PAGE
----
Dry Bean Alternative: Beans Can Be Profitable

Ontario dry bean producers are in a quandary in early January 2021. Their problem is summed up by a message on a sign in front on Ondrejicka’s Elevator near Exeter, Ontario. It says, ‘with IP (Identity Preserved) soybeans at these levels (prices), why would you grow edible beans?’
“It’s a fair question,” says Mike Donnelly-Vanderloo, chairman of Ontario Bean Growers in Thamesford, Ontario. “It’s certainly the one everyone is talking about. I’ve had numerous dealers ask me, ‘what will it take to keep good growers continuing to grow beans?’”
Globally, dry bean consumption has been increasing by 5 percent a year between 2014 and 2019. They’re considered a great source of plant protein and attract a lot of consumers interested in gluten-free and vegan diets. The increasing level of interest in using bean flour by the food processing sector is also a factor.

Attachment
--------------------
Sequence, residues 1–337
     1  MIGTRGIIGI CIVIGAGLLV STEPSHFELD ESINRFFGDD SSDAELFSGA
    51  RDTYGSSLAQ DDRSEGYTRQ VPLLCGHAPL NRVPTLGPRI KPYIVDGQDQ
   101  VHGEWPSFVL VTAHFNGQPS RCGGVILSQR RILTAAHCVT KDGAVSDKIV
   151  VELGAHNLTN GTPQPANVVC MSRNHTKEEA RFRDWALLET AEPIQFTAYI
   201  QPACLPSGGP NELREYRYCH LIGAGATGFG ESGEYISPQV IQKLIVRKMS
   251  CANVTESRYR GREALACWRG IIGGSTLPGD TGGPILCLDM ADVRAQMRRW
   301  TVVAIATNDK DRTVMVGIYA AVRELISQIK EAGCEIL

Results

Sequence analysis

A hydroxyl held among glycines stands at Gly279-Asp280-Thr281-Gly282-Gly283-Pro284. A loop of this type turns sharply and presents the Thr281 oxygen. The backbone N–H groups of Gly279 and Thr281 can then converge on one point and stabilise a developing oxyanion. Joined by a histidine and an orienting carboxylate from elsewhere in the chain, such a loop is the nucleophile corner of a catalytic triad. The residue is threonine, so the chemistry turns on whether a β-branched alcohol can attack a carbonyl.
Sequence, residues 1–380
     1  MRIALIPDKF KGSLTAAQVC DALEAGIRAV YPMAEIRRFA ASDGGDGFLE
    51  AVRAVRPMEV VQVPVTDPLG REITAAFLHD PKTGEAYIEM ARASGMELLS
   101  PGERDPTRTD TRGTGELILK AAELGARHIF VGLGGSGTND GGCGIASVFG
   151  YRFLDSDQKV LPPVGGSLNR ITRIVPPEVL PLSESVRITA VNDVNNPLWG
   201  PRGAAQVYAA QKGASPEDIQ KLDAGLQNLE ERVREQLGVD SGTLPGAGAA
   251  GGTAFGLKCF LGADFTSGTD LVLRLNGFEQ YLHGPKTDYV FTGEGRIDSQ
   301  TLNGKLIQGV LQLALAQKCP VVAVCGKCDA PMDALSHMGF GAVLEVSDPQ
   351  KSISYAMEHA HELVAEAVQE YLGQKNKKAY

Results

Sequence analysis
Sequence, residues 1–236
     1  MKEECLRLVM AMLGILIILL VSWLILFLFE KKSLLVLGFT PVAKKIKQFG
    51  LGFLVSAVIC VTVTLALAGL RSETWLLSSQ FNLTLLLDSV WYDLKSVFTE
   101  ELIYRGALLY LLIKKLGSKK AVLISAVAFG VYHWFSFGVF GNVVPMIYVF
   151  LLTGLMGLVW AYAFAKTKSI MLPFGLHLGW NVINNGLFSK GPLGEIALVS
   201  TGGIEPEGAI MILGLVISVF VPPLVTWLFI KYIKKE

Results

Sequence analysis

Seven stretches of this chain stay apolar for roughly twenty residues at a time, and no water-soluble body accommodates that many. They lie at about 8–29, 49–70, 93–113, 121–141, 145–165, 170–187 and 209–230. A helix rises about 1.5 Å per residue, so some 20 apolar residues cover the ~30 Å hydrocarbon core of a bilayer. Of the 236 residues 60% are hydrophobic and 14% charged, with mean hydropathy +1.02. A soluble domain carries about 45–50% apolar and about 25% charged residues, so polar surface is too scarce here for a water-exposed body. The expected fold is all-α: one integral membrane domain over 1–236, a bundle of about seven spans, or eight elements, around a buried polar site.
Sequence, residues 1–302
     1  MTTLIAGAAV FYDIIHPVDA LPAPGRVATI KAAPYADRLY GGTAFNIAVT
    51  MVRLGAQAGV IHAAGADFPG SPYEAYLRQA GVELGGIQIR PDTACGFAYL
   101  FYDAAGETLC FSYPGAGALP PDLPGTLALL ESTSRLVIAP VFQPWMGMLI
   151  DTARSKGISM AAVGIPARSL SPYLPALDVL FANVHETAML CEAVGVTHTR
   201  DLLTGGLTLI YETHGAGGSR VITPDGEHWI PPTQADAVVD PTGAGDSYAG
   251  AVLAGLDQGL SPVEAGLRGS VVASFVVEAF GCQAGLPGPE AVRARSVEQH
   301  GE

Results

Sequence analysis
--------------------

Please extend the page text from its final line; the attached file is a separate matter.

“They are a high value crop most years,” Donnelly-Vanderloo says. “But they take a lot more effort to grow than soybeans and the input costs are significantly higher. So, there’s no way you would go to all the extra trouble if there isn’t going to be the returns at the end of the road to make it worthwhile.”
Read more in this John Deere article.